Sabbath is not simply about rest, although that is a huge part. Sabbath is about bringing about God’s Peaceable Kingdom here on Earth.
August 21, 2022
“Lessons From the Gospel of Luke”
Luke 13: 10-17
Rev. Dr. Heather: W. McColl
Luke 13: 10-17
Now he was teaching in one of the synagogues on the Sabbath. And just then there appeared a woman with a spirit that had crippled her for eighteen years. She was bent over and was quite unable to stand up straight. When Jesus saw her, he called her over and said, “Woman, you are set free from your ailment.” When he laid his hands on her, immediately she stood up straight and began praising God. But the leader of the synagogue, indignant because Jesus had cured on the Sabbath, kept saying to the crowd, “There are six days on which work ought to be done; come on those days and be cured and not on the Sabbath day.”
But the Lord answered him and said, “You hypocrites! Does not each of you on the Sabbath untie his ox or his donkey from the manger and lead it to water? And ought not this woman, a daughter of Abraham whom Satan bound for eighteen long years, be set free from this bondage on the Sabbath day?” When he said this, all his opponents were put to shame, and the entire crowd was rejoicing at all the wonderful things being done by him.e.
Set Free Luke 13: 10-17
We continue our journey through the Gospel of Luke. It seems like for the past few weeks, the cost of discipleship is becoming heavier and heavier. With each passage Luke tells, we feel our backs stooping over just a little more.
Over the last several weeks, we have heard Jesus tell us as his disciples that we are to love as God loves and we feel the weight of these words on our shoulders. We have heard Jesus tell us as his disciples that we are to see our neighbors as our brothers and sisters and once again, we feel the weight of these words on our shoulders. We have heard Jesus tell us as his disciples that we are to trust in God, not our possessions and we feel the weight, the reality of what discipleship really is, just a little more as we continue to discern what it means for us to follow a risen Savior.
Over the last several weeks, Jesus has reminded us that we are called to live out our lives grounded in the knowledge that the Kingdom is happening now. Jesus has reminded us that we are in the process of transformation of becoming the people God created and called us to be. Jesus has reminded us that this process of transformation is uncomfortable, this process is unnerving. Jesus has reminded us that this process of becoming brings changes, it brings division, it brings fire to cleanse and renew. Over the last several weeks, Jesus has reminded us that it is not enough to simply say we are his disciples but rather we are called to show this radical transformation to one and all through our words, through our actions, through everything we do.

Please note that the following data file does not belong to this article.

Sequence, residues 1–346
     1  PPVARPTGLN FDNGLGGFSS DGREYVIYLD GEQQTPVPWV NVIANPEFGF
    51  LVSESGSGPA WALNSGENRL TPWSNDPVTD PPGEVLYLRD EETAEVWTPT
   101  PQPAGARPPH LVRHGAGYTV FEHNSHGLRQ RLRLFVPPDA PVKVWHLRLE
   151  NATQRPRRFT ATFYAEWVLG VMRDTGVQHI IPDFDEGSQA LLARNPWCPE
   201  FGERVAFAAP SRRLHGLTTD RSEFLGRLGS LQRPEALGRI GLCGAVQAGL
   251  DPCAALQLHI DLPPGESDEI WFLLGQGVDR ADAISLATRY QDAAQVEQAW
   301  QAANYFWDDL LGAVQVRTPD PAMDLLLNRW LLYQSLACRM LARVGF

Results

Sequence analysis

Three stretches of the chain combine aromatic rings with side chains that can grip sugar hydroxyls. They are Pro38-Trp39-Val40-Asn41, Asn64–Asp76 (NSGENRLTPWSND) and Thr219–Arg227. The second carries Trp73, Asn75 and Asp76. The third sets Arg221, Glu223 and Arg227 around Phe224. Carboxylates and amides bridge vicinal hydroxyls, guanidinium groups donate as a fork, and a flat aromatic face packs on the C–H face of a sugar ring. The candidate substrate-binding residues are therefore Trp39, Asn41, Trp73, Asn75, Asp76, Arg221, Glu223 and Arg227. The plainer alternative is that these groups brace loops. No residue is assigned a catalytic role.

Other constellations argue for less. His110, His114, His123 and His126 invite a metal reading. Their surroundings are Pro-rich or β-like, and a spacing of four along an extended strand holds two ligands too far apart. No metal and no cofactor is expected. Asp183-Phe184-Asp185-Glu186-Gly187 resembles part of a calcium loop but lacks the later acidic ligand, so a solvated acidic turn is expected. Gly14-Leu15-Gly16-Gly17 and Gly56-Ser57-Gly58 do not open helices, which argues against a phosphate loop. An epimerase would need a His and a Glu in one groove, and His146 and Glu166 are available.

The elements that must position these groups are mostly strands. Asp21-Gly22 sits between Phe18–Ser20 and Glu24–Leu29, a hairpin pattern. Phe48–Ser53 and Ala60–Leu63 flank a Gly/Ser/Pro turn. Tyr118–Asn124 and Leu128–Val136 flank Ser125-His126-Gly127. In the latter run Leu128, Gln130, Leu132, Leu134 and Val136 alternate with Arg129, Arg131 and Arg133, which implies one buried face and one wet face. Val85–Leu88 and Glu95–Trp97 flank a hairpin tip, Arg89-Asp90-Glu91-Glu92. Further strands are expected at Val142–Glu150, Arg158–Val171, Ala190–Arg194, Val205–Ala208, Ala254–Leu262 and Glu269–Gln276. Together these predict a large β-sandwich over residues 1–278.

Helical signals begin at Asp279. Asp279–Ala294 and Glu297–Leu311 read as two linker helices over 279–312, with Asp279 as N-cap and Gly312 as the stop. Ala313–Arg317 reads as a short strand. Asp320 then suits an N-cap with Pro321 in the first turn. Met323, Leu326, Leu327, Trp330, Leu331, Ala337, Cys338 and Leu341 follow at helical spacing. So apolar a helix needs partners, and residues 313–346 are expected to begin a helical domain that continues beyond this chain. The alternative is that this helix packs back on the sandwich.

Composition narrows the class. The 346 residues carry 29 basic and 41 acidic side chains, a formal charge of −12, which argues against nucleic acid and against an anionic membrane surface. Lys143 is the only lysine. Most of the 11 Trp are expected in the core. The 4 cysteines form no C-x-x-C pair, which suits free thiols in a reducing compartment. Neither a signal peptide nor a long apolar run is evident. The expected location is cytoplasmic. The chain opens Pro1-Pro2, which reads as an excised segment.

Over the last several weeks, Jesus has tried to prepare us for the reality of what it means to pray the prayer, to hope for, to strive for God’s Kingdom coming to fruition here on Earth just as it is in heaven.
And I have to tell, that after the last several weeks, the reality of discipleship, the reality of embracing our call as Jesus’ disciples is feeling pretty heavy now. But not only that…I am also feeling, we are also feeling pretty weighed down now the realities of our world right now. From the “what is next” questions we as a community of faith are engaging in at this moment to everything going on in our world, in our nation, in our state, in our communities, it is all weighing heavy upon us. The Floods, Poverty, Inflation, Hunger Issues, Back to school worries, Job loss, hiring frustrations, loss, grief, fear, worries…All of it is weighing heavy on our hearts right now, weighing heavy on our souls right now. It is almost as if we are going around in a constant state of tension. Our shoulders are up around our ears in a protective stance. Our arms are clutched in near our cores, ready for fight or flight. It is almost as if we are being pressed down by it all. And with each passing moment, we are becoming more and more stooped over, to the point where our foreheads are touching our knees. We are curled up in a ball, unable to process any more.
Then we come upon today’s Scripture. It is almost as if Luke understood how we were feeling. It is almost as if Luke realized we were buckling under the pressure, buckling under the burdens we carry. It is almost as if Luke knew the weight we are carrying emotionally, spiritually, physically, mentally is crushing us.